Southern Hemisphere Representative Round details revealed

Representative Rugby League will return to New Zealand this year, as the international game takes a large step toward getting back to normal in the Southern Hemisphere.

The Kiwis will face Tonga in international fixtures for both men and women in Auckland at Mt Smart Stadium on Saturday 25 June. There will also be two other Pacific Tests in Campbelltown involving Samoa, Papua New Guinea, Fiji and the Cook Islands, the second State of Origin game in Perth and a women’s State of Origin clash in Canberra in this year’s representative round.

Women’s Origin will kick off the weekend on the Friday night at GIO Stadium in Canberra, with the men’s match at Perth’s Optus Stadium on the Sunday night of June 26.

The Kiwis’ clash with Tonga will be the first elite Rugby League fixture in New Zealand since 2019 after the New Zealand Warriors’ relocation to Australia from the start of COVID-19 pandemic.

“It is great to be able to give the players from the Pacific nations time together ahead of the World Cup. We are also really excited to have the chance to kick start and rejuvenate international Rugby League in the Southern Hemisphere after the impact of the pandemic,” International Rugby League Chairman Troy Grant said.

“There has been very little opportunity to play international matches for more than two years and we know how passionate the players from the Cook Islands, Fiji, New Zealand, Papua New Guinea, Samoa and Tonga are about representing their nations.

“We are very grateful to the ARLC, NRL, clubs and each of the nations involved for their support and contribution towards what is an important and significant weekend for international Rugby League.”

ARL Chairman Peter V’landys said the Commission had “made it clear that growing international Rugby League would be a priority and we are delivering on that promise”.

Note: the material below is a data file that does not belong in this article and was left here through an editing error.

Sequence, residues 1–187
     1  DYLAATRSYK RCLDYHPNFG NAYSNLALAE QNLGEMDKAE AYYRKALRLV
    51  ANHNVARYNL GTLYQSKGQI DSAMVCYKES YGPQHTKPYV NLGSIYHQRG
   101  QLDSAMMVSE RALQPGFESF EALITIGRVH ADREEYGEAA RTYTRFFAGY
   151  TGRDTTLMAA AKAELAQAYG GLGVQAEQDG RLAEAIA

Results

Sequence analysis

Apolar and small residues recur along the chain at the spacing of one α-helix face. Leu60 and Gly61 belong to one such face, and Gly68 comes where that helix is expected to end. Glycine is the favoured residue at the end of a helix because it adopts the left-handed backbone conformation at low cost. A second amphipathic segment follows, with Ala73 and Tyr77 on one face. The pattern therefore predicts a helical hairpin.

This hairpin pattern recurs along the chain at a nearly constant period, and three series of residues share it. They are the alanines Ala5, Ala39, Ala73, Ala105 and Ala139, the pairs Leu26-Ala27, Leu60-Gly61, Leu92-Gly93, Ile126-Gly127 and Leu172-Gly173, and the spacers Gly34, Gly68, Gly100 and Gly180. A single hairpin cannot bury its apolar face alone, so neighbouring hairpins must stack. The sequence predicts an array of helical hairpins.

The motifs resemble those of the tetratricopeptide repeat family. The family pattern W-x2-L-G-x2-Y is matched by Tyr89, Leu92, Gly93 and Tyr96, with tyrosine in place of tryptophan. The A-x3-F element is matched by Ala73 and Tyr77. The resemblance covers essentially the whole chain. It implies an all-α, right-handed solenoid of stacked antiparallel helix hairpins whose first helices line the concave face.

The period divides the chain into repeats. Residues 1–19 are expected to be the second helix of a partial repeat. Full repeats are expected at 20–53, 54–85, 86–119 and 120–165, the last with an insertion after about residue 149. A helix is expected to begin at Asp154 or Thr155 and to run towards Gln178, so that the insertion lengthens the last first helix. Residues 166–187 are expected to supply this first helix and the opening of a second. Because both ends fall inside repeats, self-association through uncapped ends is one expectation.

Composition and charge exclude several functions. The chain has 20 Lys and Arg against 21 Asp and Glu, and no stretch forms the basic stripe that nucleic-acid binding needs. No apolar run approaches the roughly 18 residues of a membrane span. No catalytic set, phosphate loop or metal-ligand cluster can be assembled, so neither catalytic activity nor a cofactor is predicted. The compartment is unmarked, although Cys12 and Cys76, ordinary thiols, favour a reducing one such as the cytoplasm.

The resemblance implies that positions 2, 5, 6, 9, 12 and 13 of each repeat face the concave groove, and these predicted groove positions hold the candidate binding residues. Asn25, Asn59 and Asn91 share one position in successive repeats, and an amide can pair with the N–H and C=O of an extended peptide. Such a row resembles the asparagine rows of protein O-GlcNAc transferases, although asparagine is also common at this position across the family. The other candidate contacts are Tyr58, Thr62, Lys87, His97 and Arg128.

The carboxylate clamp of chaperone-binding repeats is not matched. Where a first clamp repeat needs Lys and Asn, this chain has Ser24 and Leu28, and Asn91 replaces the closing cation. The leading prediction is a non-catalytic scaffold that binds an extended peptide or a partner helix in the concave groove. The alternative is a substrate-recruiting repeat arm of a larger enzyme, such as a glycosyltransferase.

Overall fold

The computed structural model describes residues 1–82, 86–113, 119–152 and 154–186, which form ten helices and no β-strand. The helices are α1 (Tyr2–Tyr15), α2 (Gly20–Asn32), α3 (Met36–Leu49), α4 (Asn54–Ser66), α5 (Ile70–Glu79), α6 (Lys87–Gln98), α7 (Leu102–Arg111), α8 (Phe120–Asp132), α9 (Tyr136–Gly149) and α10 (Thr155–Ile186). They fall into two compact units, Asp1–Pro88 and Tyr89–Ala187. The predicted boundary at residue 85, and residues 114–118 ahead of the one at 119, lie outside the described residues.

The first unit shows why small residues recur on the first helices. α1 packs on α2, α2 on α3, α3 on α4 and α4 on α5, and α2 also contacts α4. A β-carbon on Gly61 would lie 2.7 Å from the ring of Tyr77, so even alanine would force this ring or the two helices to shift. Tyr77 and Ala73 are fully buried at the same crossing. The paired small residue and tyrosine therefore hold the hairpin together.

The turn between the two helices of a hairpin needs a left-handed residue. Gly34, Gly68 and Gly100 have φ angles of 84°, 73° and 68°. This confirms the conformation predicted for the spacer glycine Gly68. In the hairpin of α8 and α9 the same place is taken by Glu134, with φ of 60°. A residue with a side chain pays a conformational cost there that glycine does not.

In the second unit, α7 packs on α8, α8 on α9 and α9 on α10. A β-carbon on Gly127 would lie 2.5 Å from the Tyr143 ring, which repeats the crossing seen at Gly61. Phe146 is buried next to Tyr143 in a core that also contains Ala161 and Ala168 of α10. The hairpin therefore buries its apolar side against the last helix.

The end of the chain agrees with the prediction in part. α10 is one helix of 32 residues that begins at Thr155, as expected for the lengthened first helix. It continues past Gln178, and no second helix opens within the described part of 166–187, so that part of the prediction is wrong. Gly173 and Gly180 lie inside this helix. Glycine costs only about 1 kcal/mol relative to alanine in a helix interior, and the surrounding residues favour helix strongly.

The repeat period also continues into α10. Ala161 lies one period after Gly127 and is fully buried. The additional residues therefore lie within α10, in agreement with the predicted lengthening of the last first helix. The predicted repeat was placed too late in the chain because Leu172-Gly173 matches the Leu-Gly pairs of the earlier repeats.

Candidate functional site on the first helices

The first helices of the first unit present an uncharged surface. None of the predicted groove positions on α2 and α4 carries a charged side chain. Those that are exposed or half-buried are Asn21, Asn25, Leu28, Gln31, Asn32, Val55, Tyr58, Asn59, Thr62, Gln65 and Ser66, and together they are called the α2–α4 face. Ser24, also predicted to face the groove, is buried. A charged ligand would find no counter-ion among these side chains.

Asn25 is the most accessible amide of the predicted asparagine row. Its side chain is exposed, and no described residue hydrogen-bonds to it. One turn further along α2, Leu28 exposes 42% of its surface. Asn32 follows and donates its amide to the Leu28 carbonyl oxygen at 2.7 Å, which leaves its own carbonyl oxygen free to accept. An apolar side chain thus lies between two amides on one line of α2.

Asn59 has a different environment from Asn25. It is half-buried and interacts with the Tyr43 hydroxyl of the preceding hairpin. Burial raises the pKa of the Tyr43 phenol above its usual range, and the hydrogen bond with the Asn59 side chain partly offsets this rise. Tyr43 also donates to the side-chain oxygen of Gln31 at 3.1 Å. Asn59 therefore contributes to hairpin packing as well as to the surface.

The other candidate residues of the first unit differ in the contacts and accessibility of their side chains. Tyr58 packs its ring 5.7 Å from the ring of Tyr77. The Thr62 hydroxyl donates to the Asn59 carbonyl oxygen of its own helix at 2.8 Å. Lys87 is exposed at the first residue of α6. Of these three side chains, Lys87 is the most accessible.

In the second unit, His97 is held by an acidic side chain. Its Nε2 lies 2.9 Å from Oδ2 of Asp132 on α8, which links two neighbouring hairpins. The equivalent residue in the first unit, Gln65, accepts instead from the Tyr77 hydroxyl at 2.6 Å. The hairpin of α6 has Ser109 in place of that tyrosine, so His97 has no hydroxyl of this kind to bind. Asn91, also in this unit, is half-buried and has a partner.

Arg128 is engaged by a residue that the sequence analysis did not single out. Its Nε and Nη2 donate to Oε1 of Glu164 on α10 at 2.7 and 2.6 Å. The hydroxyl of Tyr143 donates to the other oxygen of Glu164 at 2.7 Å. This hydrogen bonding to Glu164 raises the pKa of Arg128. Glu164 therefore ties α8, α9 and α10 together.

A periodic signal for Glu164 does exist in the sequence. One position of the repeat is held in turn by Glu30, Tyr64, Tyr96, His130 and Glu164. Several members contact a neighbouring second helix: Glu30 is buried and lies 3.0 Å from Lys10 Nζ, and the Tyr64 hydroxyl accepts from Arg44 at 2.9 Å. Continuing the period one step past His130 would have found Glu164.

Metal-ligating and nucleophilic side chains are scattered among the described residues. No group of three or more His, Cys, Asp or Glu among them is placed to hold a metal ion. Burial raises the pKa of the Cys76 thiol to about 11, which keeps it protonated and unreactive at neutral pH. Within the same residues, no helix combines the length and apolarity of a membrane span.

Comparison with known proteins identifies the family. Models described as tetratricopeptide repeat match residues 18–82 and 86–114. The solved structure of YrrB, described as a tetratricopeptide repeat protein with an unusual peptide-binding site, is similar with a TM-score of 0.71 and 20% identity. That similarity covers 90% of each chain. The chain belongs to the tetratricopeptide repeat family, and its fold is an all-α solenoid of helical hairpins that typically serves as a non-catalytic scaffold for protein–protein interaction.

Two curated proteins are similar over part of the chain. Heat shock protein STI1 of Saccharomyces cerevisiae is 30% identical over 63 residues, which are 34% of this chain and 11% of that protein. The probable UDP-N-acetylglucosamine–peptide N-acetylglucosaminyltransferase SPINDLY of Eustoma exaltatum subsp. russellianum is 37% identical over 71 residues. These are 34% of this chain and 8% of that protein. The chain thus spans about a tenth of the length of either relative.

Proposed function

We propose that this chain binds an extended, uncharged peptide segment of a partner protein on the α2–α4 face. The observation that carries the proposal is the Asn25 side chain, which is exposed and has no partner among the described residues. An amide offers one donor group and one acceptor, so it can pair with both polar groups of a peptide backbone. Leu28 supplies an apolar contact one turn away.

“Representative Round will provide a return to the excitement and national pride that Test matches produce,” he added.

“The Pacific Test matches will be vital for these nations as they prepare for the World Cup later this year and importantly, for our fans, a chance to watch their heroes live in their national colours. The passion of the Pacific Nations and their fans is something unique to Rugby League.

“This is part of a long-term plan to grow the international game in conjunction with International Rugby League and member countries. We’ve seen with the growth and success of Tonga in recent years and we want to capitalise on the potential depth of our Test playing nations.”

The Southern Hemisphere Programme

Friday 24 June Women’s State of Origin, GIO Stadium, Canberra

Saturday 25 June New Zealand v Tonga (men and women), Mt Smart Stadium, Auckland

Saturday 25 June Samoa v Cook Islands and PNG v Fiji, Campbelltown Stadium, Sydney

Sunday 26 June State of Origin II,  Optus Stadium, Perth

New Zealand Rugby League chief executive Greg Peters is hoping to see a massive crowd for the first major Rugby League game in New Zealand for three years.

“We encourage everyone to make their way to Mt Smart come June 25 to break the crowd attendance record for a women’s Test and celebrate the return of international Rugby League to New Zealand shores after some challenging years,” he said.

“To celebrate Matariki (Maori New Year) weekend with an international Test double-header that unites our fans and communities in celebration is special.”

New Zealand Warriors will play their first home game for three years in New Zealand when they take on Wests Tigers at Mt Smart Stadium on Sunday 3 July.